The USTAšE (pronounced ), also known as USTASHE, USTASHAS, and
USTASHI, were members of the USTAšA – CROATIAN REVOLUTIONARY
MOVEMENT (Croatian : Ustaša – Hrvatski revolucionarni pokret), a
Croatian fascist , racist , ultranationalist and terrorist
organization , active, in its original form, between 1929 and 1945.
Its members murdered hundreds of thousands of
Jews , Roma as
well as political dissidents in Yugoslavia during
World War II
World War II .
The ideology of the movement was a blend of fascism , Roman
Croatian nationalism . The
Ustaše supported the
creation of a
Greater Croatia that would span the
Drina River and
extend to the border of
Belgrade . The movement emphasized the need
for a racially "pure"
Croatia and promoted genocide against Serbs,
Romani people , and persecution of anti-fascist or dissident
Ustaše were fiercely Roman Catholic, identifying it with
Croatian nationalism. They declared that the Catholic and Muslim
faiths were the religions of the Croatian people. They claimed the
Islam of the
Bosniaks was a religion which "keeps true the blood of
When it was founded in 1930, as USTAšA – CROATIAN REVOLUTIONARY
ORGANIZATION (Croatian : Ustaša – Hrvatska revolucionarna
organizacija), it was a nationalist organization that sought to create
an independent Croatian state. When the
Ustaše came to power in the
NDH, a quasi-protectorate established by Fascist
Italy and Nazi
World War II
World War II , its military wings became the Army of
Independent State of Croatia and the
Ustaše militia (Croatian :
The movement functioned as a terrorist organization before World War
II but in April 1941, they were appointed to rule a part of Axis
-occupied Yugoslavia as the
Independent State of Croatia (NDH), which
has been described as both an Italian-German quasi-protectorate, and
as a puppet state of
Nazi Germany .
The NDH collaborated with the Italian and German occupation forces in
Yugoslavia in fighting an increasingly unsuccessful campaign against
the resistance forces, the
Yugoslav Partisans , who were recognized in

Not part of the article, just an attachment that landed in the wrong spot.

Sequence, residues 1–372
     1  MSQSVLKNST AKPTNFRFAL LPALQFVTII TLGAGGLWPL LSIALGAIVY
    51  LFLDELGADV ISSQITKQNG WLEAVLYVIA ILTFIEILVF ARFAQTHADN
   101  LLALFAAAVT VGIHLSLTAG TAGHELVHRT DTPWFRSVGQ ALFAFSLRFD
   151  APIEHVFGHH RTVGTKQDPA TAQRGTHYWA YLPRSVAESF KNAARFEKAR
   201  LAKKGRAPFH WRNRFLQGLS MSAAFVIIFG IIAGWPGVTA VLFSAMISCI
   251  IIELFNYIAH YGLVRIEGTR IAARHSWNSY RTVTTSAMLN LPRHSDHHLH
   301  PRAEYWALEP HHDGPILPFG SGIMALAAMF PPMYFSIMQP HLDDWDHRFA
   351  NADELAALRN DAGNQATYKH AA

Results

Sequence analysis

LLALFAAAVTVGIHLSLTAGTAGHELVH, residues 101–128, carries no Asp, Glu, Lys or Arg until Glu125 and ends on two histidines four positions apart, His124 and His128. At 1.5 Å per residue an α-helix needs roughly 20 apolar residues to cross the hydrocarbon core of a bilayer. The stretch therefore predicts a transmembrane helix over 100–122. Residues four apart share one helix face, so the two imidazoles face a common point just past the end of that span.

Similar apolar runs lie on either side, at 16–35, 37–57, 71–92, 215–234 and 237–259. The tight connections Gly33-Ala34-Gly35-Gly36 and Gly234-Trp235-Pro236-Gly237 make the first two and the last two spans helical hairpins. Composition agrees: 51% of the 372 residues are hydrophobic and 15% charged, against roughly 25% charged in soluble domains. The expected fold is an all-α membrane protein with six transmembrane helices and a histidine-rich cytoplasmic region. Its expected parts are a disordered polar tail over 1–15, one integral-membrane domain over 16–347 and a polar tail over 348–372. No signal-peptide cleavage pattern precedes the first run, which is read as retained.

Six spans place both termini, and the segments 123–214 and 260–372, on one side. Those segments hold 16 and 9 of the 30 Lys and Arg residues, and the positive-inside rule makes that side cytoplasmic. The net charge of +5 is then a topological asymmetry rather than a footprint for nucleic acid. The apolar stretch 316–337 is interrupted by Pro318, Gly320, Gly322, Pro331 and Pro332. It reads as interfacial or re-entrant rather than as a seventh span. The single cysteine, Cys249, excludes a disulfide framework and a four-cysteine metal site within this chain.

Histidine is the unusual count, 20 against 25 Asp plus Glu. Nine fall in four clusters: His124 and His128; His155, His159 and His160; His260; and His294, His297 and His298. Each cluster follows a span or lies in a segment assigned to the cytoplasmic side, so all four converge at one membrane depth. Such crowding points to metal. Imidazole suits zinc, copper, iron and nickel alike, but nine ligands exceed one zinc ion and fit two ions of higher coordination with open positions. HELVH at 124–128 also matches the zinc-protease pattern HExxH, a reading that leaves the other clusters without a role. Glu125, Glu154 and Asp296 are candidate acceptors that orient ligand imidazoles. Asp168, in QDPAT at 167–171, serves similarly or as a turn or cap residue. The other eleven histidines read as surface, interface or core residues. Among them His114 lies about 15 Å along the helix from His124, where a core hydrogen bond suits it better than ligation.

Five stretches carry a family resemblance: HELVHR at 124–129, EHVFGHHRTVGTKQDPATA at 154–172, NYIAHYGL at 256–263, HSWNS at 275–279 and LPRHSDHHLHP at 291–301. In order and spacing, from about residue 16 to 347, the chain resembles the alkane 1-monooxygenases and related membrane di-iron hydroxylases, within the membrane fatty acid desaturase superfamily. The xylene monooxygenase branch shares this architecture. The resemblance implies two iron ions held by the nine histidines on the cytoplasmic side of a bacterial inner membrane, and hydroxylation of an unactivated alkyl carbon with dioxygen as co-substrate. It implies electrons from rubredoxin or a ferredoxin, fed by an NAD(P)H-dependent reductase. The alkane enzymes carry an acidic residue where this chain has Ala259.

late November 1943 as the military of the Allied Yugoslav state. As
German forces withdrew from Yugoslavia in 1944–1945, the Ustaše
organized an exodus from the country, which led to the Bleiburg
* 1 Name
* 2 Ideology
* 2.1 Ideological roots
* 2.2 Political programme and main agendas
* 3 History
* 3.1 Before
World War II
World War II
World War II
World War II
* 3.4 After the war
* 4 Ethnic and religious persecution
* 4.1 Concentration camps
* 5 Connections with the
* 6 Structure
* 7 Symbols
* 8 Use by Serbian nationalists
* 9 Modern usage of the term "Ustaša"
* 10 In popular culture
* 11 See also
* 12 References
* 13 External links
The word ustaša (plural: ustaše) is derived from the intransitive
verb ustati (Croatian for rise up). "Pučki-ustaša" (German :
Landsturm ) was a military rank in the Imperial Croatian Home Guard
(1868–1918). The same term was the name of Croatian third-class
infantry regiments (German :
Landsturm regiments) during World War One
1914–1918. Another variation of the word ustati is ustanik (plural:
ustanici) which means an insurgent , or a rebel. The name ustaša did
not have fascist connotations during their early years in the Kingdom
of Yugoslavia as the term "ustat" was itself used in
denote the insurgents from the Herzegovinian rebellion of 1875. The
full original name of the organization appeared in April 1931 as the
Ustaša – Hrvatska revolucionarna organizacija or UHRO (Ustaša –
Croatian revolutionary organization); in 1933 it was renamed the
Ustaša – Hrvatski revolucionarni pokret (Ustaša – Croatian
revolutionary movement), a name it kept until World War II.
One of the major ideological influences on the Croatian nationalism
Ustaše was 19th century Croatian activist
Ante Starčević ,
an advocate of Croatian unity and independence, who was both
Habsburg and anti-Serbian in outlook.
He envisioned the creation of a
Greater Croatia that would include
territories inhabited by
Serbs , and
Slovenes , considering
Serbs to be
Croats who had been converted to
Orthodox Christianity , while considering the
Slovenes to be "mountain
Croats". Starčević argued that the large Serb presence in
territories claimed by a
Greater Croatia was the result of recent
settlement, encouraged by
Habsburg rulers, and the influx of groups
Vlachs who took up
Orthodox Christianity and identified
themselves as Serbs. Starčević admired
Bosniaks because in his view
Croats who had adopted
Islam in order to preserve the
economic and political autonomy of Bosnia and
Croatia under the rule
Ottoman Empire .
Ante Pavelić and Italy's Duce
Benito Mussolini on 18 May 1941 in
Rome . The
Ustaše were heavily